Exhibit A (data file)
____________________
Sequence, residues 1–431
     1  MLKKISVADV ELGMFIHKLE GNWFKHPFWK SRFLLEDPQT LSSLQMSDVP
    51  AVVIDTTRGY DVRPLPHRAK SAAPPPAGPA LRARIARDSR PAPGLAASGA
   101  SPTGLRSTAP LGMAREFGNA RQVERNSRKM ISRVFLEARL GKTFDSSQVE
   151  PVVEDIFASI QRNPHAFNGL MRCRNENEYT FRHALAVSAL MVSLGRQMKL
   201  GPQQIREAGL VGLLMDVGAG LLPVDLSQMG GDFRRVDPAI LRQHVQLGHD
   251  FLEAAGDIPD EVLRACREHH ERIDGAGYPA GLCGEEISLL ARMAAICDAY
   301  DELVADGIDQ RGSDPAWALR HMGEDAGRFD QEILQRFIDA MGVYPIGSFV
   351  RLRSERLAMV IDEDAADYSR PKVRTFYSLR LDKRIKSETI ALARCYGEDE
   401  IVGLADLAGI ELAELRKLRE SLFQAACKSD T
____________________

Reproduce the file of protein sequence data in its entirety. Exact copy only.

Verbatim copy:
Sequence, residues 1–431
     1  MLKKISVADV ELGMFIHKLE GNWFKHPFWK SRFLLEDPQT LSSLQMSDVP
    51  AVVIDTTRGY DVRPLPHRAK SAAPPPAGPA LRARIARDSR PAPGLAASGA
   101  SPTGLRSTAP LGMAREFGNA RQVERNSRKM ISRVFLEARL GKTFDSSQVE
   151  PVVEDIFASI QRNPHAFNGL MRCRNENEYT FRHALAVSAL MVSLGRQMKL
   201  GPQQIREAGL VGLLMDVGAG LLPVDLSQMG GDFRRVDPAI LRQHVQLGHD
   251  FLEAAGDIPD EVLRACREHH ERIDGAGYPA GLCGEEISLL ARMAAICDAY
   301  DELVADGIDQ RGSDPAWALR HMGEDAGRFD QEILQRFIDA MGVYPIGSFV
   351  RLRSERLAMV IDEDAADYSR PKVRTFYSLR LDKRIKSETI ALARCYGEDE
   401  IVGLADLAGI ELAELRKLRE SLFQAACKSD T